Japanese Horror Cinema

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Jay McRoy
Edinburgh University Press, Jan 1, 2005 - Horror films - 220 pages
1 Review
A much-needed critical introduction to some of the most important Japanese horror films produced over the last fifty years, Japanese Horror Cinema provides an insightful examination of the tradition's most significant trends and themes. The book examines the genre's dominant aesthetic, cultural, political and technological underpinnings, and individual chapters address key topics such as: the debt Japanese horror films owe to various Japanese theatrical and literary traditions; the popular 'avenging spirit' motif; the impact of atomic warfare, rapid industrialisation and apocalyptic rhetoric on Japanese visual culture; the extents to which changes in the economic and social climate inform representations of monstrosity and gender; the influence of recent shifts in audience demographics; and the developing relations (and contestations) between Japanese and 'Western' (Anglo-American and European) horror film tropes and traditions. Extensive coverage of the central thematic concerns and stylistic traits of Japanese horror cinema makes this volume an indispensable text for a myriad of film and cultural studies courses.Features:* Includes a preface by Christopher Sharrett* Each chapter covers a fundamental aspect of Japanese horror cinema and is written by an expert in the field* Case studies include internationally renowned films such as Nakata Hideo's Ringu, Ishii Takashi's Freeze Me and Fukasaku Kinji's Battle Royale* Appendices feature an interview with maverick filmmaker Miike Takashi and a filmography of Japanese horror films currently available in the UK and US.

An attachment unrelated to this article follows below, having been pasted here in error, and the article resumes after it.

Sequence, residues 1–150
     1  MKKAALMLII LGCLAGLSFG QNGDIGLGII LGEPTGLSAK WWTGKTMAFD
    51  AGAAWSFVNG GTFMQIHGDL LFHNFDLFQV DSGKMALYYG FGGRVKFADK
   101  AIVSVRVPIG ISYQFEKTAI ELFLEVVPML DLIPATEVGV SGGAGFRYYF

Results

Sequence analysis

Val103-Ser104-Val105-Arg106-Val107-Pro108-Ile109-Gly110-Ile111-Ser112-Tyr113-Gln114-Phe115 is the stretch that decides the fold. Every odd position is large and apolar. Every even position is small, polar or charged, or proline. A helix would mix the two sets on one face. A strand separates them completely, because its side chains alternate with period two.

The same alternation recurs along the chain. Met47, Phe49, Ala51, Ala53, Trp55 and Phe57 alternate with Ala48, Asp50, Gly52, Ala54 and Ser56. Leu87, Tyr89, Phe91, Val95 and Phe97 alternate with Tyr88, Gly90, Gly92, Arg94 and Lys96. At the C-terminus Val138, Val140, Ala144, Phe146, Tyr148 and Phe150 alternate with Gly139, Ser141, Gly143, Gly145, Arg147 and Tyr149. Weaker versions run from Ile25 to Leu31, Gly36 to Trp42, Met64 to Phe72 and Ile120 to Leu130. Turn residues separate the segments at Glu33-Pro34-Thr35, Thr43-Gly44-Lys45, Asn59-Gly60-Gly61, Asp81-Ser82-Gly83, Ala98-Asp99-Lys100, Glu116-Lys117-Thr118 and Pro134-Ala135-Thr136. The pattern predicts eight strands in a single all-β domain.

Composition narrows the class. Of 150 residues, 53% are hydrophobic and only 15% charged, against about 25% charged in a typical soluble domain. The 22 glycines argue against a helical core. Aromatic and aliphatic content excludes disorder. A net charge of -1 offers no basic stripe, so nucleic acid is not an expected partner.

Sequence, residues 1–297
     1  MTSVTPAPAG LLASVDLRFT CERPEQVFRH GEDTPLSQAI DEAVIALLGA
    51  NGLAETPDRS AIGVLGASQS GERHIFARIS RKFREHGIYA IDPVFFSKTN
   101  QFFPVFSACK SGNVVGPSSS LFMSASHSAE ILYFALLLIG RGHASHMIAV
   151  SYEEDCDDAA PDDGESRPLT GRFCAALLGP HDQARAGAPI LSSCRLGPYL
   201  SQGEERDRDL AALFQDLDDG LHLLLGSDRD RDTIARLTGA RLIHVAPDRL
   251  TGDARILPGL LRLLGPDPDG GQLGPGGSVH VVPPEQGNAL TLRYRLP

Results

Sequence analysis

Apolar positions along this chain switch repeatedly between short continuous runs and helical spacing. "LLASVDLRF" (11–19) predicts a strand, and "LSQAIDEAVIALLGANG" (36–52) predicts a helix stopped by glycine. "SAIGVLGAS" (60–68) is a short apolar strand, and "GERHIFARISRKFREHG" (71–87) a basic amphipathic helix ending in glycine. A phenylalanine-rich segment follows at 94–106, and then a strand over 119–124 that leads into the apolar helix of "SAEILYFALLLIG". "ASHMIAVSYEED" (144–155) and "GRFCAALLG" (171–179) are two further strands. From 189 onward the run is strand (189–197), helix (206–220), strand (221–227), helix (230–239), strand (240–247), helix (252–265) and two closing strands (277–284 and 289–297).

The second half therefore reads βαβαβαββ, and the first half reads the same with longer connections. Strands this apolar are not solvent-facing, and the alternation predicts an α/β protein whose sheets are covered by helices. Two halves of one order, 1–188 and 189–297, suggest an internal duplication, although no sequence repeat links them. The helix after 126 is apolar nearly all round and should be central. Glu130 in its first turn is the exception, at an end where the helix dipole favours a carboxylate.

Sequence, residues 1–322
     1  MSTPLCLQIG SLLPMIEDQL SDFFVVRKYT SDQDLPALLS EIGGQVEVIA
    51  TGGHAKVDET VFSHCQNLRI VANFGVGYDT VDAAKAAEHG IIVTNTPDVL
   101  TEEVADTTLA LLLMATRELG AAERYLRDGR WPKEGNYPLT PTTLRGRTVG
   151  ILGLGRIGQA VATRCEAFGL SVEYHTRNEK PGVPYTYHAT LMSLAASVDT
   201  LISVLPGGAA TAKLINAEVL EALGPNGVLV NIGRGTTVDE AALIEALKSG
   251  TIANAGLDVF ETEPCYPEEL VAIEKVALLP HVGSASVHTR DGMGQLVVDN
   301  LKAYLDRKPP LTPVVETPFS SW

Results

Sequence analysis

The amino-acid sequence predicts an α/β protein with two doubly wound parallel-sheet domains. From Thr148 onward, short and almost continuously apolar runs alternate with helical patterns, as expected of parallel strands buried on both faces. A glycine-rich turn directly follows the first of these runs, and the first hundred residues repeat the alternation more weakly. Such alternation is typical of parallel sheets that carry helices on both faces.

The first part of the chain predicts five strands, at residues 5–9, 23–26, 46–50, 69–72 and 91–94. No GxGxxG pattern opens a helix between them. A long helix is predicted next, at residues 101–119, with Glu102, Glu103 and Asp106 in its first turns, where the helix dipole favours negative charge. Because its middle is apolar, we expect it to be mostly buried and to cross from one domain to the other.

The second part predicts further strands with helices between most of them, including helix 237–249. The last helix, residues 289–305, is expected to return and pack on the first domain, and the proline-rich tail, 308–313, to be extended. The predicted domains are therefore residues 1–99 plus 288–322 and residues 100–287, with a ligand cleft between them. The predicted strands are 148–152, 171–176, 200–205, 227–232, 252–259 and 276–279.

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About the author (2005)

Jay McRoy is Assistant Professor of English at the University of Wisconsin, Parkside.

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